But from here the Panthers decided to implode with a Sam Darnold fumble followed by a Darnold interception that might have been caused by a lazy route from Robby Anderson. Game over.
Big Mo MVP – CJ Henderson
With essentially all of the Panthers starting secondary missing this game, CJ Henderson was tasked with playing 100% of the team’s defensive snaps against a motivated Tom Brady. Henderson had four tackles on the day, but was largely invisible, which is exactly what you want to see from a cornerback. An invisible corner often means he’s locking up his man and the quarterback has to look elsewhere.
Per PFF, Henderson played 40 coverage snaps and was targeted seven times. Those targets yielded just 34 yards and a passer rating of 81.2. The three other Panthers defensive backs who were targeted each surrendered passer ratings over 100. Let’s hope Henderson can build on this outing and justify the 2022 third round pick the Panthers traded to land him.
What I liked
- Myles Hartsfield sacking Tom Brady on Tampa Bay’s first play from scrimmage, throwing the Bucs off schedule and leading to a three-and-out.
- Deonte Brown getting 29 snaps at guard. He had one offensive snap played coming into this game.
- Sam Darnold having one of his better outings as a passer through his first three quarters and the game plan giving him short, quick passes and some nice screens. He looked decent until late in the game when he lost a fumble and threw a pick (though commentator Tony Romo put the blame on a bad route by Robby Anderson). Darnold’s not the long-term answer, but at least he’s ending the season on something of a high note.
- Hearing the Bucs pirate ship cannon have a premature fire after Tampa Bay missed a field goal late in the game. It’s petty, I know, but I’ll take what I can get in games like these.
What I didn’t like
- Matt Rhule taking a timeout with one second left in the first quarter. It looked like the play clock and the game clock would both go to zero at the same time, thus ending the quarter, but Rhule burned a timeout anyway. It’s just befuddling situational coaching issues like these where Rhule isn’t doing himself any favors with a fan base that’s quickly turning on him.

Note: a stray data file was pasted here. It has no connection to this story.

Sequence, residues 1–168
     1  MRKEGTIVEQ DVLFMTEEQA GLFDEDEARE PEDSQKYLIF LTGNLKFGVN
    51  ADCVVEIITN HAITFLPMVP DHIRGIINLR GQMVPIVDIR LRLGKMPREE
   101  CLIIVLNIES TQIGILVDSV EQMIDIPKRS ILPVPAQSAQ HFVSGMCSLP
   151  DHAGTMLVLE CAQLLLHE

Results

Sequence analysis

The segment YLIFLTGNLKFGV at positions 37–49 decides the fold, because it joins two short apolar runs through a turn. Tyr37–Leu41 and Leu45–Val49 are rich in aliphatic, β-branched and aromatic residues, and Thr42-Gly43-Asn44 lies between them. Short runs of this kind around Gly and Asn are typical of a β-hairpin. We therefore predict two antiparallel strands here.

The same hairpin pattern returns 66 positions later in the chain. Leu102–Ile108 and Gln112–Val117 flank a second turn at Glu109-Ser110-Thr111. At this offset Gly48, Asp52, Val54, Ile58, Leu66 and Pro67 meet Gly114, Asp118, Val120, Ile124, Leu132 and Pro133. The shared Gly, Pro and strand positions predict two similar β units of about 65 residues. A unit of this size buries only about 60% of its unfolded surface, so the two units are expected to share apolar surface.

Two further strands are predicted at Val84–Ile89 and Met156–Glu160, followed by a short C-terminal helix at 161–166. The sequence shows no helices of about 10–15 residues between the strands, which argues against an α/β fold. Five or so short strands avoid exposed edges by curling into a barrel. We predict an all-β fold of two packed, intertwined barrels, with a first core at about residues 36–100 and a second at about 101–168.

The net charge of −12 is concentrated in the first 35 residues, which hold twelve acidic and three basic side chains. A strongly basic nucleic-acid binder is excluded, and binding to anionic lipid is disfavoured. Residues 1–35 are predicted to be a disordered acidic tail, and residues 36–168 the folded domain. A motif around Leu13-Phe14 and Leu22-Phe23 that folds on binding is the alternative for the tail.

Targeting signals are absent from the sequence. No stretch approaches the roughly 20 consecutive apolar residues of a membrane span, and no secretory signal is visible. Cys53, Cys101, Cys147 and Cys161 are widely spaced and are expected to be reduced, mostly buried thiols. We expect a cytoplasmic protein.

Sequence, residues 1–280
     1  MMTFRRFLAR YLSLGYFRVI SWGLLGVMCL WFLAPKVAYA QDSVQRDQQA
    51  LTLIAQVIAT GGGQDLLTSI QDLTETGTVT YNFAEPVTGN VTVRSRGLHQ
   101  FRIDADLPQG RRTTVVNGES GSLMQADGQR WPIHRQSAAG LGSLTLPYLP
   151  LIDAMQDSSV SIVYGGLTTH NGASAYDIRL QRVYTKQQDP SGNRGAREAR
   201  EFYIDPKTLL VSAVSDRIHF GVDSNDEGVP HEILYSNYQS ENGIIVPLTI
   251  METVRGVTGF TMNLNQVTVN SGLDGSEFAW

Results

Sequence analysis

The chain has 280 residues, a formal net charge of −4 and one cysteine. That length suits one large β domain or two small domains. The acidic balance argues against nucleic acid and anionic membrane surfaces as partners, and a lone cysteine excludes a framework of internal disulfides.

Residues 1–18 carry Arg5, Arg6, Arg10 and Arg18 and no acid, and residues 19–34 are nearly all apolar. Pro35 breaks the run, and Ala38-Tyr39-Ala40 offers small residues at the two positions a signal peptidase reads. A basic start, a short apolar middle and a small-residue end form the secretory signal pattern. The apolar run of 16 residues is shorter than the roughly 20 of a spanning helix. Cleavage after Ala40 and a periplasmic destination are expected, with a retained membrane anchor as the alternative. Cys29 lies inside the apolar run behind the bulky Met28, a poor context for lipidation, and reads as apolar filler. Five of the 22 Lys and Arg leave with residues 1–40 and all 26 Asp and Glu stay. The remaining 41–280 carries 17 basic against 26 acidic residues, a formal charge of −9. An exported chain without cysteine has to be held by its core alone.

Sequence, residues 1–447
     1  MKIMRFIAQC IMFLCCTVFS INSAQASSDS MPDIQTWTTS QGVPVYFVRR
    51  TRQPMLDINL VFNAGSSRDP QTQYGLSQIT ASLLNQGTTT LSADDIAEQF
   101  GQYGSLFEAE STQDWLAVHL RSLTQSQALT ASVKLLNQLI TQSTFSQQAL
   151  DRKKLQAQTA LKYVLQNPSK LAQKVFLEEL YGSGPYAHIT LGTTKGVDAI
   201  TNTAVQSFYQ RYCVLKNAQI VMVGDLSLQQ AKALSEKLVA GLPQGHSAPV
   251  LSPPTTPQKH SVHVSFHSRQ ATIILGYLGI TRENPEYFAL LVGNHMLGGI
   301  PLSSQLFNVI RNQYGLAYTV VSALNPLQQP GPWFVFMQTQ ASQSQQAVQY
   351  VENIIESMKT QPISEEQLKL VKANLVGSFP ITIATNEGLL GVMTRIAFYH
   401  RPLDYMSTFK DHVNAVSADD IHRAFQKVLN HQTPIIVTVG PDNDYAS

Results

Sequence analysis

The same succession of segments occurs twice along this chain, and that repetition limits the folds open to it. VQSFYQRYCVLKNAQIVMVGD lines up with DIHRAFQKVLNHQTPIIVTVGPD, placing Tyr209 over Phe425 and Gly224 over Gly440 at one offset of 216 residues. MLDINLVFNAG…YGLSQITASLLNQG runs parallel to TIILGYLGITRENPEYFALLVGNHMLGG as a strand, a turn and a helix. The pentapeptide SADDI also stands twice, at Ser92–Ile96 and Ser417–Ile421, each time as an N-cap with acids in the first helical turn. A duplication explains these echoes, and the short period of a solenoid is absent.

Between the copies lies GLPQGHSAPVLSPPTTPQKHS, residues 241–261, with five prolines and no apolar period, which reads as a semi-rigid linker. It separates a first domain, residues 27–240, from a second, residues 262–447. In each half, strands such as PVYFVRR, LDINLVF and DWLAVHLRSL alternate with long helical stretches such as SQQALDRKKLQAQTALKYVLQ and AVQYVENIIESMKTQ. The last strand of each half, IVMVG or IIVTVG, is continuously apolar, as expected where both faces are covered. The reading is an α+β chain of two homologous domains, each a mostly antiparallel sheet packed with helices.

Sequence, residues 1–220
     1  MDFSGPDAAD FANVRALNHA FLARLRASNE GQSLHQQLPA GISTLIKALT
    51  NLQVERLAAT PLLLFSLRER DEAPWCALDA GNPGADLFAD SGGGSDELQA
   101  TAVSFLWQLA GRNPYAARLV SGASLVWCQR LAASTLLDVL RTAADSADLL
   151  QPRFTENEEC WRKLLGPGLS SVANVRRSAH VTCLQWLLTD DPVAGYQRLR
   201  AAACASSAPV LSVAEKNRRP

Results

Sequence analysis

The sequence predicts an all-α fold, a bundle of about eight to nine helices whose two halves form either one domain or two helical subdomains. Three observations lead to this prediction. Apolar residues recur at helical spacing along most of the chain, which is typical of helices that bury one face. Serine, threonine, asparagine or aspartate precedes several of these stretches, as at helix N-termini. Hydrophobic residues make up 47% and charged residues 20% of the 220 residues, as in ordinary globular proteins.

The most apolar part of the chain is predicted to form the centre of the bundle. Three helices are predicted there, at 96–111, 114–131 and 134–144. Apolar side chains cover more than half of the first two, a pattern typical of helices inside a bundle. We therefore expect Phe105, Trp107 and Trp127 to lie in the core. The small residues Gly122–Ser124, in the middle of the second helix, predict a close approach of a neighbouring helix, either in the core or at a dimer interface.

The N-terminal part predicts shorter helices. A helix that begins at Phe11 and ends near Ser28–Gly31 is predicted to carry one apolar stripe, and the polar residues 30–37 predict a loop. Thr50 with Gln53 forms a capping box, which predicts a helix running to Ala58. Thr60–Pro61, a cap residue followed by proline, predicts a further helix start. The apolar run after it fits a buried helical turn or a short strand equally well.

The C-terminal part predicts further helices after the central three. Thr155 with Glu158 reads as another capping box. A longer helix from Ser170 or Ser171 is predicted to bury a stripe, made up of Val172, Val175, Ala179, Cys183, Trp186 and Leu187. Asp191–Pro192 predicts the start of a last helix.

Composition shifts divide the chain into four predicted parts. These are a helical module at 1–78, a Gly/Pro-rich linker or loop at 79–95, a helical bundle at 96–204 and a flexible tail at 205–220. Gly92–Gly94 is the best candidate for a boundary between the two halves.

- Watching Mike Evans repeatedly make some of the Panthers young secondary look completely lost in coverage.
- Knowing the Panthers coaching staff is probably the league’s worst at making halftime adjustments. We’ve seen this team get steamrolled in the second half so many times over the past two years, and I think it’s because opposing coaches are simply better at making adjustments when compared to the Panthers staff. It’s a clear pattern at this point.
And thus ends one of the most depressing Panthers seasons in recent memory. Before the season began I predicted Carolina would go 7-10 in a rebuilding year, experience some growing pains, make progress throughout the year, then enter 2022 ready to contend for a playoff spot. (Note: In my pre-season prediction column I included a poll and 57% of CSR readers who voted said Carolina would win nine or more games this year, so this was a really rough season for those of you who came in with much higher expectations than I had).
I’ve written many times before that I was willing to endure some growing pains this year. We experienced lots of pain. We saw little growth. In fact, the team seemed to get worse as the season went along.
General manager Scott Fitterer and head coach Matt Rhule have a lot of work to do. Few Panthers fans are trusting their process. Let’s hope they prove us wrong in the months ahead.